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What are you reading in 2017?
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Caro



Joined: 22 Nov 2008
Posts: 2997


Location: Owaka, New Zealand

PostPosted: Tue Mar 07, 2017 12:59 am    Post subject: Reply with quote

Sully's story was made into a film just last year, Joe. It is just called "Sully" (though I had to look that up, feeling it was called something different).  People were amazed that I had never heard of the story of his bringing the plane down in the Hudson River, but I hadn't.

Meanwhile, I am reading The Good Doctor, an autobiography by Lance O'Sullivan, a NZ Maori doctor practicing in the deprived far north, who was named NZer of the Year a couple of years ago, and who has dedicated his life to the mainly Maori population up there, often providing free services and other help.  I have only got to his troubled youth, being the product of a Maori alcoholic father and a young mother, who found the strength to bring up four children on her own before state help for such parents (the DPB - Domestic Purposes Benefit).  He was not brought up to know much of his Maori whakapapa (literally genealogy but encompassing a lot more than that) and suffered from the woes of his mixed blood, feeling neither wholly Maori nor wholly Pakeha.  He was saved by a Maori secondary boarding school and his European grandparents, very accepting of their mother and her growing family, and his background.  And later he found his father's family, and understood his Maori background too.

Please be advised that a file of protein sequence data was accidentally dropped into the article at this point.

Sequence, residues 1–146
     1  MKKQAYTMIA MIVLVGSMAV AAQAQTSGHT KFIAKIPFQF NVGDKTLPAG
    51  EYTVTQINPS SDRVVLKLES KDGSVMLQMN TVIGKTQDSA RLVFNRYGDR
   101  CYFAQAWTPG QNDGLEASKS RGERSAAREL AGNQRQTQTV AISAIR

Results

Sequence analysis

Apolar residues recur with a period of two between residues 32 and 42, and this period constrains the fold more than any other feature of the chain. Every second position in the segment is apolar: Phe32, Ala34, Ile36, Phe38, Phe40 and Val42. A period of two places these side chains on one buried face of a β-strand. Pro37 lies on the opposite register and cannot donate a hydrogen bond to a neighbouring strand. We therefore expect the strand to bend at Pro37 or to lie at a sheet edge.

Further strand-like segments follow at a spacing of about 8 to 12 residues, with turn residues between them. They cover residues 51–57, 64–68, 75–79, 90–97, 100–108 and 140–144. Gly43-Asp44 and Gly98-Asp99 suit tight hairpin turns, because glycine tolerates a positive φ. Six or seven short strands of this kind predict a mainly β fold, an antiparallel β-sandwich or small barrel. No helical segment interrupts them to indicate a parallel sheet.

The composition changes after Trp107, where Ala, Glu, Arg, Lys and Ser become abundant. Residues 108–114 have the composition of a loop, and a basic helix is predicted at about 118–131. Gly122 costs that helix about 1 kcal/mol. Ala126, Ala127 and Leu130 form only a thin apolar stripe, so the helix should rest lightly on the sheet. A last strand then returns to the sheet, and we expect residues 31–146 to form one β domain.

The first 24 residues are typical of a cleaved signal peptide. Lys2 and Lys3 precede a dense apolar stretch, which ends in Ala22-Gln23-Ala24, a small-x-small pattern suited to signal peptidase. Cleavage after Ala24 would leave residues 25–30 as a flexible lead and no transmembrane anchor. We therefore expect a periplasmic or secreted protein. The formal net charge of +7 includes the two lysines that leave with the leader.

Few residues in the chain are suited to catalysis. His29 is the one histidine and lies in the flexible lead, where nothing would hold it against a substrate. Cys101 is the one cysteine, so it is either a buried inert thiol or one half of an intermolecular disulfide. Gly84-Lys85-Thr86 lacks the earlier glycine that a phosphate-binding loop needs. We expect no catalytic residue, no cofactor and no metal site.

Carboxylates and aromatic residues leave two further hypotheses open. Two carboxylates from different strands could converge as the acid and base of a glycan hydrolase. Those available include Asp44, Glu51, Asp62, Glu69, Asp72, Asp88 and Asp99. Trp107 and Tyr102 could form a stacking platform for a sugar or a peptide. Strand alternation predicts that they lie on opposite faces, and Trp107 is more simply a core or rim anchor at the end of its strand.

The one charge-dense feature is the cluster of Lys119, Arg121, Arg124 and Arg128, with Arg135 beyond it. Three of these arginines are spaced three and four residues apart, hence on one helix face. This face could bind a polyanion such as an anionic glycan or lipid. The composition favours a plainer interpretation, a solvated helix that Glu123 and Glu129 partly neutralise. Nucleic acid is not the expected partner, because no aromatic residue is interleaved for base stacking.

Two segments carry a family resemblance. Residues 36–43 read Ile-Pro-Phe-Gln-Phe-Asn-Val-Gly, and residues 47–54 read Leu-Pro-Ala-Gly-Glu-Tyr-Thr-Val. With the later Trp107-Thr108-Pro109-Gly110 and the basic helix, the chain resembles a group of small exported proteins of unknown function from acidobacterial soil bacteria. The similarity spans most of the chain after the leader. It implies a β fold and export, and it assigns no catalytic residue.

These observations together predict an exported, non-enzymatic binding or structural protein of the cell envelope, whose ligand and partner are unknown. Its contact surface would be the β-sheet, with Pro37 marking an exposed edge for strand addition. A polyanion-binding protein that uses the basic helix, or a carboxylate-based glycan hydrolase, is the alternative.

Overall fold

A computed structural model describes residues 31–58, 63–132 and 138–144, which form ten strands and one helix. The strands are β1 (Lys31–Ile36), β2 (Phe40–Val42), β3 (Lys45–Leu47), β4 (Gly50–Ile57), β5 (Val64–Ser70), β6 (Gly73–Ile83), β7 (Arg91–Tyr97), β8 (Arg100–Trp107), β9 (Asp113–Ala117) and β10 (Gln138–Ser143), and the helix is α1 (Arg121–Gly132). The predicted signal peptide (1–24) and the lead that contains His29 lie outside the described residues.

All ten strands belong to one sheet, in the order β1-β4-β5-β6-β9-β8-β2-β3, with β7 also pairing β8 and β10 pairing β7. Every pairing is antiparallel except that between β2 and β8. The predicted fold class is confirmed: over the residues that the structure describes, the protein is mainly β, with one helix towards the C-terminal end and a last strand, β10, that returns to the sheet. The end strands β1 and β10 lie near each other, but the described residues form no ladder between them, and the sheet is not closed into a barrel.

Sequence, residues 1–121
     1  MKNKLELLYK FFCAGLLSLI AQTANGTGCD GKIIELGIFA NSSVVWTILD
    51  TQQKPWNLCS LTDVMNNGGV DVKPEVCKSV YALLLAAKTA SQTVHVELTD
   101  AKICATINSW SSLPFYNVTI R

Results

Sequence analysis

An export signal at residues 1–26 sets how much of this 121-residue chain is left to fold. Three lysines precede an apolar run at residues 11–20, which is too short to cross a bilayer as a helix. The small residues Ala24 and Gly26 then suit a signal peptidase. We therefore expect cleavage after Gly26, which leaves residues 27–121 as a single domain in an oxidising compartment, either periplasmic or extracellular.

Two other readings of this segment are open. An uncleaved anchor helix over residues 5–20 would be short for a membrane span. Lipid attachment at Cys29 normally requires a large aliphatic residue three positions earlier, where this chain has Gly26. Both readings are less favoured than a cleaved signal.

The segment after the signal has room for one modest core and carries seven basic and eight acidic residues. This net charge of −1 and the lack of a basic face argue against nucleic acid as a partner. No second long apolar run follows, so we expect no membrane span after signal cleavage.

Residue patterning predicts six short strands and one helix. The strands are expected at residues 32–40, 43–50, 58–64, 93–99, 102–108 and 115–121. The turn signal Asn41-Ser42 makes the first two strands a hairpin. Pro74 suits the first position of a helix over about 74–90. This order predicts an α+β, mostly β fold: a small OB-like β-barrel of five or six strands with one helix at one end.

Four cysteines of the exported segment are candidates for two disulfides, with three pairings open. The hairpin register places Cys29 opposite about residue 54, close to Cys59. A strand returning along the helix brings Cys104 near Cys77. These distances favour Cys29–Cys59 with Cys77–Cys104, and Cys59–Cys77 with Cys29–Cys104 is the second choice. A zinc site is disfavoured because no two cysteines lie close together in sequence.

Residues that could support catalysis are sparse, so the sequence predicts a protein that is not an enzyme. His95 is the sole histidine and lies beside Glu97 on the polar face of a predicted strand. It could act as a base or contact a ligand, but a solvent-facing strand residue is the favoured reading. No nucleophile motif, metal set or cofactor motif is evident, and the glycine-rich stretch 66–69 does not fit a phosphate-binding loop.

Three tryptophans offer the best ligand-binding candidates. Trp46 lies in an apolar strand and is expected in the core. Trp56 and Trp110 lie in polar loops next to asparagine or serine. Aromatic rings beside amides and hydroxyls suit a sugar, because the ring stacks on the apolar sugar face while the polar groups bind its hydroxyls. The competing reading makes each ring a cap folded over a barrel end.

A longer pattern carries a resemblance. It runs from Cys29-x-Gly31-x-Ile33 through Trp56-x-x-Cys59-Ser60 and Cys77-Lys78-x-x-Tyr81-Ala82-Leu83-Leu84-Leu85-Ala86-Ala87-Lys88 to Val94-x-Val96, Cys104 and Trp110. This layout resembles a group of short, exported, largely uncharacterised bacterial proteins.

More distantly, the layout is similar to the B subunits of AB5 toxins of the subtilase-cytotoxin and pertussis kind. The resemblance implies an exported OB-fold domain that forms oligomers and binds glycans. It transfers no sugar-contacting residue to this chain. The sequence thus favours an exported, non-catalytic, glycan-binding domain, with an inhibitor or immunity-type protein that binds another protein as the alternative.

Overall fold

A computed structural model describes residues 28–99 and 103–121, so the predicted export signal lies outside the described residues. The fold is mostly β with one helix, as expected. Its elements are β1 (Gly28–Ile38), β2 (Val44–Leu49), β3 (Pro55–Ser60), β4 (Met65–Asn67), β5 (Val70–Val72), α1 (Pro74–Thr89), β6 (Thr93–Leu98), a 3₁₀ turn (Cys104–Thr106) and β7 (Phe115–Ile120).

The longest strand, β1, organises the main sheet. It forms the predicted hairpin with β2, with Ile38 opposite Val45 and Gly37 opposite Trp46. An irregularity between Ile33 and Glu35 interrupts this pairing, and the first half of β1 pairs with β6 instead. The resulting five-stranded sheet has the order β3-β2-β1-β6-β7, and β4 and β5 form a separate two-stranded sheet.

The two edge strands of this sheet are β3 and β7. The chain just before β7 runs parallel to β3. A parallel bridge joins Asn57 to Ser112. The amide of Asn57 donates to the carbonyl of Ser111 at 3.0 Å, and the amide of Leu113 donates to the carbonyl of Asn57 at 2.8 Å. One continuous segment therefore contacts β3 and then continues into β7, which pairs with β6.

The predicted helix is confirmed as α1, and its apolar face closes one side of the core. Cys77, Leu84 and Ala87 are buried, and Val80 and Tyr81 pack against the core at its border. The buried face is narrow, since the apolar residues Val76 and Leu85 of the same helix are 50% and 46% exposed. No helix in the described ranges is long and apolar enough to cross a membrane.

The style is very easy to read - I think it is aimed at troubled youth like him, as inspiration for what can be achieved by people like him.  It is our bookclub book.


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Sandraseahorse



Joined: 21 Nov 2008
Posts: 1170



PostPosted: Tue Mar 07, 2017 12:18 pm    Post subject: Reply with quote

I enjoyed your comments about your acquaintance in the waiting room, Caro.  I'm pleased you still have a sense of humour.


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Joe McWilliams



Joined: 10 Feb 2012
Posts: 692


Location: Canada

PostPosted: Tue Mar 07, 2017 6:23 pm    Post subject: Reply with quote

Your Maori doctor story sounds interesting, Caro. A less Maori-sounding name than Lance O'Sullivan is hard to imagine, but he certainly sounds like the real deal.
Everything I have ever heard about the difficulties faced by indigenous New Zealanders has a familiar ring to it. Although the cultures are different and we are half a world away from each other, the challenges here are the same. Just this morning I was talking to somebody organizing a Cree language immersion course for teachers. Efforts to revive and reinforce the aboriginal cultures are growing, but sometimes I wonder if it's futile. Worthwhile, certainly, but a steep uphill battle.


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Caro



Joined: 22 Nov 2008
Posts: 2997


Location: Owaka, New Zealand

PostPosted: Sat Apr 01, 2017 10:20 pm    Post subject: Reply with quote

I am reading (and have very nearly finished) The Stove and the Stage, set on the West Coast of New Zealand in the gold-rush days of the 1860s.  The narrator is Danny Mulligan, an Irishman newly arrived in NZ, and not a gold-miner, but an entertainer, juggler, magician, and comedian.  He tells a good yarn and I have raced through it.  He links up with various people, most notably Edith Cowles who is a good cook in the hotel he is staying at, but he shifts on only to find she has followed him.  They set up business in a new hotel in the new town of Reefton (still there, though many of the goldrush towns were temporary) which is swept away in a horrendous flood.  

Danny has a secret from Britain, which I presume we will learn the details of soon.